Durwood Zaelke is founder and President of the Institute for Governance & Sustainable Development(IGSD) in Washington, DC and Paris, focusing on fast mitigation strategies that avoid maximum warming over the critical next decade in order to slow climate feedbacks and avoid irreversible tipping points. IGSD’s strategies include reducing short-lived super climate pollutants (methane, tropospheric ozone, HFCs, and black carbon), starting with reductions of methane emissions, which can avoid nearly 0.3C of warming by 2045, and strengthening the Montreal Protocol, starting with the Kigali Amendment to phase down HFCs and parallel efforts to improve energy efficiency of cooling equipment.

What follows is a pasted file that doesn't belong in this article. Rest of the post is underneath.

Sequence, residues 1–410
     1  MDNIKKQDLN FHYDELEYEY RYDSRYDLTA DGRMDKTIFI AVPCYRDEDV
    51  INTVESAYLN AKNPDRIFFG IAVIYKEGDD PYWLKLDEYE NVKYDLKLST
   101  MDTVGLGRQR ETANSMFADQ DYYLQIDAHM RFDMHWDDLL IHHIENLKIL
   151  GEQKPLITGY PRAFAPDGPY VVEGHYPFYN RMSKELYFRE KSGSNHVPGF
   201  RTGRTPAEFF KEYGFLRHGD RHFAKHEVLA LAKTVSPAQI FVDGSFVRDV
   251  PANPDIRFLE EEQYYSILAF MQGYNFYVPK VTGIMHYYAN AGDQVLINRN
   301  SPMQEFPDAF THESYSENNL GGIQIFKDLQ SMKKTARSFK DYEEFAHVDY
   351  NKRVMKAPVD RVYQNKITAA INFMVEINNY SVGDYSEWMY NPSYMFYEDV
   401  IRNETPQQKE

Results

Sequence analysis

Prior to IGSD, Zaelke co-founded and served as President of the Center for International Environmental Law (CIEL) in Washington, DC and Geneva (1989-2003); founder and Director of the International & Comparative Environmental Law Program at the Washington College of Law, American University (1990-2004); founder and Director of the International Program at EarthJustice (formerly the Sierra Club Legal Defense Fund) (1988-89), and Director of their Alaska and DC offices (1980-89); and Director of the International Network for Environmental Compliance & Enforcement (2001-2015). Zaelke is an adjunct professor at the Bren School of Environmental Science & Management, University of California, Santa Barbara, where he co-founded the Program on Governance for Sustainable Development. He has also taught at Yale, Duke, and Johns Hopkins. He is the author of International Environmental Law & Policy (with Hunter & Salzman) (6th ed. forthcoming 2021). In 2017 he received the United Nations Ozone Political Leadership Award, together with their Scientific Leadership Award for helping achieve the Kigali Amendment. In 2008 he received the EPA Climate Protection Award and their Ozone Protection Award for strengthening climate protection under the Montreal Protocol.